New Verification of Lubricant Specifications (VLS) Chairman, Mike Bewsey, explains why he took the top job, his to-do list and offers motor factors advice on missold or mislabelled engine oil.
Q. Mike, congratulations on your new role as VLS chairman – what made you want to take on this job?
Mike Bewsey (MB): “I was delighted to be invited to become the chairman of VLS. I have been involved with VLS since 2016 as a board member and have seen first-hand just how vital our work is in upholding standards in the lubricants industry.
“VLS aims to achieve an open and level playing field that benefits all lubricant companies by verifying the performance claims and technical specifications upon which lubricants are marketed to the end user. It allows all companies to compete on service, value and product quality whilst assuring the claims made on lubricant products are valid and reliable.
“As well as chairman of VLS, I am also business unit director of Moove Lubricants, a key player in the lubricants industry. Over the years, VLS has given Moove the assurance it needs that if we come across a product in the marketplace that has a conflicting technical specification or performance claims that simply don’t make sense, then we can have it checked out. If necessary, it can be tested by an independent third party to validate our concerns and resolve any mislabelling issues.”
Q. What are your main objectives going to be moving forwards?
MB: “I am very proud of everything that VLS has achieved to date and very much want to build on those solid foundations.
“Over the years, the types of cases that VLS have handled have changed. VLS has adapted to reflect market needs. In 2019, VLS launched new marketing claims guidance in response to cases involving overclaiming of specifications. In 2020, VLS entered into a primary authority relationship with Buckinghamshire & Surrey Trading Standards to support greater compliance for members and the industry by providing assured advice on lubricant marketing issues and the basis of claims in consumer law, as well as providing an intervention and escalation route for noncompliant products in the case of noncooperative lubricant marketers.
“In 2022, our main objectives will be to support the transition to dealing with specifications built on new technology, including plug-in electric hybrid, electric and hydrogen vehicles. With original equipment manufacturers (OEMs) pushing forward with new technology to meet the upcoming internal combustion engine ban planned for 2030, whilst motorists are holding onto their vehicles for longer than ever, lubricants manufacturers, distributors, mechanics and motorists alike will need our support to understand how to correctly market lubricants and use them in vehicles, as we begin to transition away from petrol and diesel engines. We can provide stability during change and maintain that all-important level playing field for those involved in the lubricants industry.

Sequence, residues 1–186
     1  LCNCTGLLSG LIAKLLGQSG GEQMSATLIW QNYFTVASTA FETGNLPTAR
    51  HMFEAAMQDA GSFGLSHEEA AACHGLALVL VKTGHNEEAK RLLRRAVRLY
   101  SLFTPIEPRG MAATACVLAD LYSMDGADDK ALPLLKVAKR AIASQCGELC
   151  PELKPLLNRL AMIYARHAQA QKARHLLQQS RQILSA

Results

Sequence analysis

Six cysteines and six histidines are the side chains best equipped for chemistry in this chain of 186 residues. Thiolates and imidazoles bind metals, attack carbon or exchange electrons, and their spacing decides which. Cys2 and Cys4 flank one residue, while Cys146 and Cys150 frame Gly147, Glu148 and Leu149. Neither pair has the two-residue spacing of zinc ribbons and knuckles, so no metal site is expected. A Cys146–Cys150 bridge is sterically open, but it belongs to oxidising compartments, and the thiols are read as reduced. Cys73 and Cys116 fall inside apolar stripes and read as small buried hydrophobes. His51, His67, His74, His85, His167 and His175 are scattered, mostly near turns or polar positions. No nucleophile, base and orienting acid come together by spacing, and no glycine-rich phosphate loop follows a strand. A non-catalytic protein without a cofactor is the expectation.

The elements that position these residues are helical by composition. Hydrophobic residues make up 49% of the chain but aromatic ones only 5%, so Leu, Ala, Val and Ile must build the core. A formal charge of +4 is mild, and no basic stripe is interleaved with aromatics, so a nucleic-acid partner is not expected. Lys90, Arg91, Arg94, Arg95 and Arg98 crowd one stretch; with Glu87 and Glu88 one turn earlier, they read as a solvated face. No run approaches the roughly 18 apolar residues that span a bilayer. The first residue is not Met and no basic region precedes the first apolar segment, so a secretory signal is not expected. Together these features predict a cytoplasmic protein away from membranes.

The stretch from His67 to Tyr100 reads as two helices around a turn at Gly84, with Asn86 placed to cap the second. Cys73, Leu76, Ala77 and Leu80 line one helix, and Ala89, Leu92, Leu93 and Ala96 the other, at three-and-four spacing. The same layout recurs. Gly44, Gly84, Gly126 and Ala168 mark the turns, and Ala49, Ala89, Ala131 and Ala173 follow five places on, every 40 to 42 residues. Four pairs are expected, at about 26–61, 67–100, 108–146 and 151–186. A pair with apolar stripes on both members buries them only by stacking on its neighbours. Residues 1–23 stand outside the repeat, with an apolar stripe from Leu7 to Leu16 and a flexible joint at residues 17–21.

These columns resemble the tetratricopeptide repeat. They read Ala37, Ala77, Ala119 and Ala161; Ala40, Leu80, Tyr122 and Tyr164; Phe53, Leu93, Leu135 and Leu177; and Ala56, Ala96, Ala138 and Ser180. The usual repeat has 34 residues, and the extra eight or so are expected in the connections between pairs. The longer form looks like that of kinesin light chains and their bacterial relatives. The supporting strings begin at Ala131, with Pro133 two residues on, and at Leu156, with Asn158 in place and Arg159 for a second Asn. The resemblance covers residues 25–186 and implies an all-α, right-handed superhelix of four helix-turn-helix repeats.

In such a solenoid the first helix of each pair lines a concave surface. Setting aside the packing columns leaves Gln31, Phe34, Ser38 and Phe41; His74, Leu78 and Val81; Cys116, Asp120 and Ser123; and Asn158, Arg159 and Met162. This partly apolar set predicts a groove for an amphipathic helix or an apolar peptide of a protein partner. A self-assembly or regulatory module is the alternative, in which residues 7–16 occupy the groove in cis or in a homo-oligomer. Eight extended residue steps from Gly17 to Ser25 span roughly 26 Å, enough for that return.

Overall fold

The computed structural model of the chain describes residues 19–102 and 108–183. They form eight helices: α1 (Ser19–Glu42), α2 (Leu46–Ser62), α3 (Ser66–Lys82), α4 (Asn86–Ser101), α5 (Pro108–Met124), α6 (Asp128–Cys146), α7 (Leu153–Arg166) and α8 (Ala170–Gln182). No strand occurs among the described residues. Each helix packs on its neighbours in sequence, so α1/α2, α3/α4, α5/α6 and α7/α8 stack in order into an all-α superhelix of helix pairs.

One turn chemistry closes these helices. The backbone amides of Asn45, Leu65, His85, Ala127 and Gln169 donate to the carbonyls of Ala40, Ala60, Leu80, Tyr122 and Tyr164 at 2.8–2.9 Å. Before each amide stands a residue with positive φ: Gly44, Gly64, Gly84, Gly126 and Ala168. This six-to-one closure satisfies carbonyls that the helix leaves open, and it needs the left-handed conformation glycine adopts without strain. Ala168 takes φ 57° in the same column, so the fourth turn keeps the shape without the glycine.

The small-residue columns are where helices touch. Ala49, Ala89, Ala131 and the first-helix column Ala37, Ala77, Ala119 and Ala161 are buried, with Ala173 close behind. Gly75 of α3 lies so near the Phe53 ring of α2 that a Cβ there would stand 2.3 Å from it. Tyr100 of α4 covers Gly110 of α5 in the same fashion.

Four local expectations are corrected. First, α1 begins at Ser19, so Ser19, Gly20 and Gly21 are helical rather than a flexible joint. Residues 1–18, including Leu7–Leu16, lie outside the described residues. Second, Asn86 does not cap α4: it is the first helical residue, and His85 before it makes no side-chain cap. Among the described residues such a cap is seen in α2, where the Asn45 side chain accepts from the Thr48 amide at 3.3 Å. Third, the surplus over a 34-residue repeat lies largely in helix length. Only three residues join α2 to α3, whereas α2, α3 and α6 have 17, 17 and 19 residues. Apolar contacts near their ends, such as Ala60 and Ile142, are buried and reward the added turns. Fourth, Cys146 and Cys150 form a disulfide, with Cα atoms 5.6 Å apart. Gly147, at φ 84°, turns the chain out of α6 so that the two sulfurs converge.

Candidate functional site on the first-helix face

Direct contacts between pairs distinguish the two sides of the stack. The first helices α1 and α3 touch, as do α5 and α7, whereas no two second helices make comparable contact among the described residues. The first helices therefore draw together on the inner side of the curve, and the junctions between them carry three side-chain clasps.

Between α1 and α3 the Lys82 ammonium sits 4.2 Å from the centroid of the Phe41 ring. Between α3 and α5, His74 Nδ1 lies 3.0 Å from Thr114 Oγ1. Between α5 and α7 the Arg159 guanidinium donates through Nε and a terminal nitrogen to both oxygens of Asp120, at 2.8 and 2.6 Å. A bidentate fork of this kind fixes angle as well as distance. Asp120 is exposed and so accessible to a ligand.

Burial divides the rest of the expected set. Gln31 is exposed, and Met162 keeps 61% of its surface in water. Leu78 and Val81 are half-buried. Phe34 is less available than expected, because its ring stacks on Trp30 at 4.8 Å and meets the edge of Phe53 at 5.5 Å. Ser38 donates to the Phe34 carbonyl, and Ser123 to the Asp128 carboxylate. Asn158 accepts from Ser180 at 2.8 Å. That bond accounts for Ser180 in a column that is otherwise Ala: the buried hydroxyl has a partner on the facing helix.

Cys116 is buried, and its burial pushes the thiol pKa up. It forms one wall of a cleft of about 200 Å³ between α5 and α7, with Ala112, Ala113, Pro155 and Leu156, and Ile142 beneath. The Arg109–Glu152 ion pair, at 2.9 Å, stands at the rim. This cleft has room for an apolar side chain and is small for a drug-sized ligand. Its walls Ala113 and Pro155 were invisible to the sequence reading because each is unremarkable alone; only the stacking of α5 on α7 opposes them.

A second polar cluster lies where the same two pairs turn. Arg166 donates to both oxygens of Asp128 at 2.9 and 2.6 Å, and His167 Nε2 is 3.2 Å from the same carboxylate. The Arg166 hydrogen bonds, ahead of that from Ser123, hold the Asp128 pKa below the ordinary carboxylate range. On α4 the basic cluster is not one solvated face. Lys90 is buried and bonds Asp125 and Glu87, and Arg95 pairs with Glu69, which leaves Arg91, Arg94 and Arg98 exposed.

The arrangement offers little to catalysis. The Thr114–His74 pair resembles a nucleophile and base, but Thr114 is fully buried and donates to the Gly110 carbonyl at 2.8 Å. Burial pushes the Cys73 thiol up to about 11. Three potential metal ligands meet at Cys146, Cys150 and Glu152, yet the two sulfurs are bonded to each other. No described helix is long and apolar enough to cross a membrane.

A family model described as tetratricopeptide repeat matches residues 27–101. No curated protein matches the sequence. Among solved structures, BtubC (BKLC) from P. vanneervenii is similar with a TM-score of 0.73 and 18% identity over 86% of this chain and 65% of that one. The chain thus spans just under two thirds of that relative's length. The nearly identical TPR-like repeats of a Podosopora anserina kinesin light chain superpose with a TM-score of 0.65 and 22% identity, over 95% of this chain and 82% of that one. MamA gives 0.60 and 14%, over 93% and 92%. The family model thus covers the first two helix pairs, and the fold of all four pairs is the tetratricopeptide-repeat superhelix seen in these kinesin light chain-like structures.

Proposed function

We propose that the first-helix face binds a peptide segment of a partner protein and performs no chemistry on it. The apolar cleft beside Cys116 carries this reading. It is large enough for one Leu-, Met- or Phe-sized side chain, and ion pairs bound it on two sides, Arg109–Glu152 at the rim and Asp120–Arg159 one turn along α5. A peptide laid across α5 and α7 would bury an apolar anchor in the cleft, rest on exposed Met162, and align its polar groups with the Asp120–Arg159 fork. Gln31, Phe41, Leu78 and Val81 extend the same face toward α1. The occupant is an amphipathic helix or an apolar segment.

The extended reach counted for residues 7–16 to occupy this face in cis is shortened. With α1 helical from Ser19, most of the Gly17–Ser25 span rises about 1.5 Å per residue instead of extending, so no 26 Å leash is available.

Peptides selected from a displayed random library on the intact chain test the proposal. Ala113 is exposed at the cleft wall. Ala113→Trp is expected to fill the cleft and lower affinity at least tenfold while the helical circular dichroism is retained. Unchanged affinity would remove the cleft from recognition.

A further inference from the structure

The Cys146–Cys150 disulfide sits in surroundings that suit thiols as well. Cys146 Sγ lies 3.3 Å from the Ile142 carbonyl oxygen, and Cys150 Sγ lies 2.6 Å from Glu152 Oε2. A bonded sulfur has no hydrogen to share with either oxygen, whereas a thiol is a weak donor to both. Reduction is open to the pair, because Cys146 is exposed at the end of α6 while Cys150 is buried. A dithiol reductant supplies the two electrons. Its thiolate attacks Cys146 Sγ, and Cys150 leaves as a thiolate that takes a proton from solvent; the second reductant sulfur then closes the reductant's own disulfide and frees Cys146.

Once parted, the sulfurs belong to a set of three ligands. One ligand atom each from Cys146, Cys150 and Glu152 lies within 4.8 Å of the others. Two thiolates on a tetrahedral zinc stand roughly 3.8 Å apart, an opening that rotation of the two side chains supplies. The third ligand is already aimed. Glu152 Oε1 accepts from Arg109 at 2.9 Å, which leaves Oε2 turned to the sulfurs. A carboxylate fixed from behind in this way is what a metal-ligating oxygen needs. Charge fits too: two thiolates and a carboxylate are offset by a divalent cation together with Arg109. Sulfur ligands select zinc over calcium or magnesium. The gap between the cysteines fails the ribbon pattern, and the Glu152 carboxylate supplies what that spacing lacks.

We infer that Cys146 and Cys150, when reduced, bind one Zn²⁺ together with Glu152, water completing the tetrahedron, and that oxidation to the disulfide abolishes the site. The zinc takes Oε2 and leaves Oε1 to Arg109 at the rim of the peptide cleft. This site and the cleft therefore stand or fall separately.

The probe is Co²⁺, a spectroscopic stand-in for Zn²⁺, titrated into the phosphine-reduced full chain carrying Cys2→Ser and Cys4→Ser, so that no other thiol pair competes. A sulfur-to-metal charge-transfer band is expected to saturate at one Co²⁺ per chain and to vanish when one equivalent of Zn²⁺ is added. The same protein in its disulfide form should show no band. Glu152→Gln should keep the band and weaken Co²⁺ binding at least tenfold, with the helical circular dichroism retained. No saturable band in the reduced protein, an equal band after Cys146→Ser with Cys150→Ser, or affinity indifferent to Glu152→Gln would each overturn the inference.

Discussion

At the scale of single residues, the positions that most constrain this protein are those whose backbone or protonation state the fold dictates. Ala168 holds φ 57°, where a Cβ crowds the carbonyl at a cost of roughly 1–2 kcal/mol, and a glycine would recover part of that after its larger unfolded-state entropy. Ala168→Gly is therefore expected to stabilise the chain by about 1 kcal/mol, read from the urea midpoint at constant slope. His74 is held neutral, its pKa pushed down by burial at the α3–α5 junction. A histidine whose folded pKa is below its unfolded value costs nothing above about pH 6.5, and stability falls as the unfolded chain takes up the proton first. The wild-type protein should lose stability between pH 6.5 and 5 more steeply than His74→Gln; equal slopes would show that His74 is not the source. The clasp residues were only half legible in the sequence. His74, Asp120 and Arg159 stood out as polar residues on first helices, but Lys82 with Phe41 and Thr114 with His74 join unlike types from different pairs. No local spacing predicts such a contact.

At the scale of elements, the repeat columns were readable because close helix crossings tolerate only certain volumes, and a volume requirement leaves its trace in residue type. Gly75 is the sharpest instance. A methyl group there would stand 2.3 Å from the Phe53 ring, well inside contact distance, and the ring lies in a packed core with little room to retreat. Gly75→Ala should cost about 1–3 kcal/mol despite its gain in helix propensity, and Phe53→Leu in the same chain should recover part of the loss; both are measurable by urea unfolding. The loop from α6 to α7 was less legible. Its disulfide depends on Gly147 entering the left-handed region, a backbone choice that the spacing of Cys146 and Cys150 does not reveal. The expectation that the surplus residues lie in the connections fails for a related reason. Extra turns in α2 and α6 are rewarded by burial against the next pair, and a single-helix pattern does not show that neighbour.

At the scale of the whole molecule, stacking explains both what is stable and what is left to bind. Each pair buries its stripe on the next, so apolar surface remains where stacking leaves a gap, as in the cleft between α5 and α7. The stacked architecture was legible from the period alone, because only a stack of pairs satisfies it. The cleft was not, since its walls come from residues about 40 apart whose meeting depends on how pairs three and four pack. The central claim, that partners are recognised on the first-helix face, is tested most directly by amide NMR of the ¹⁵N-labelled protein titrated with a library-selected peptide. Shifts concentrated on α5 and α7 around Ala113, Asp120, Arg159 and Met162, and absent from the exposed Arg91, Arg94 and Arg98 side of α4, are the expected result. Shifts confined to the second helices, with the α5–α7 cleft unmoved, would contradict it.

“I also see a role in VLS undertaking greater outreach with other similar programmes, from Germany’s FSQ programme to the Australian Lubricant Association’s product quality programme, API’s product quality surveys and even ATIEL’s product compliance and monitoring, to ensure a joined-up and cohesive approach in sharing our experience here in the UK with other national and global product compliance programmes.”
Q. Are lubricant manufacturers prepared for Euro VII emissions standards?
MB: “We are expecting the European Commission to announce its draft proposals for the new Euro VII emission standards in early 2022. The industry has been debating for some time how far these standards should go. The German Association of the Automotive Industry has already warned that the move could result in the combustion engine being phased out from as early as 2025, as the stricter CO2 and NOx emissions limits being introduced will result in combustion engines no longer being competitive.
“We are also expecting new tests which will require vehicles to meet stricter emissions standards in all driving conditions, including slow city traffic. Whatever the standards are, OEMs will be the first affected. We will continue to work closely with members to support them in the transition to new, even more sophisticated lubricants that can help manufacturers meet the emissions standards – whatever level they are set at.”
Q. Why are there fewer cases going through to VLS now as opposed to two years ago? Despite the pandemic, do you feel the message around compliance is being heard and understood within the industry?
MB: “When VLS was first formed in 2013, there was clearly a lack of understanding in the marketplace. VLS initially worked through a higher volume of cases, improving education and standards across the industry. As a result of better compliance, the number of cases reported to VLS is now lower; however, those that are being reported are more complex and often take longer to resolve.
“We are confident that the message around compliance is being heard and that lubricant blenders, manufacturers and distributors alike know that they will be held to account by VLS to ensure that lubricants are correctly described and really can deliver what they claim; however, as our industry evolves, we know there is still work to be done to ensure a transparent marketplace that end-users can have confidence in.”
Q. What should motor factors do if they suspect a certain motor oil is being mis-sold or mislabelled?
MB: “If an engine oil sounds too good to be true or a motor factor has any concerns about it being mis-sold or mislabelled it is important to double-check. You can report a product you have concerns about to VLS, who will independently investigate it to confirm if it really can deliver what it claims. Poor quality or incorrect engine oil can cause accelerated wear in gears and bearings, leading to increased maintenance costs and, if left unchecked, eventual engine failure.”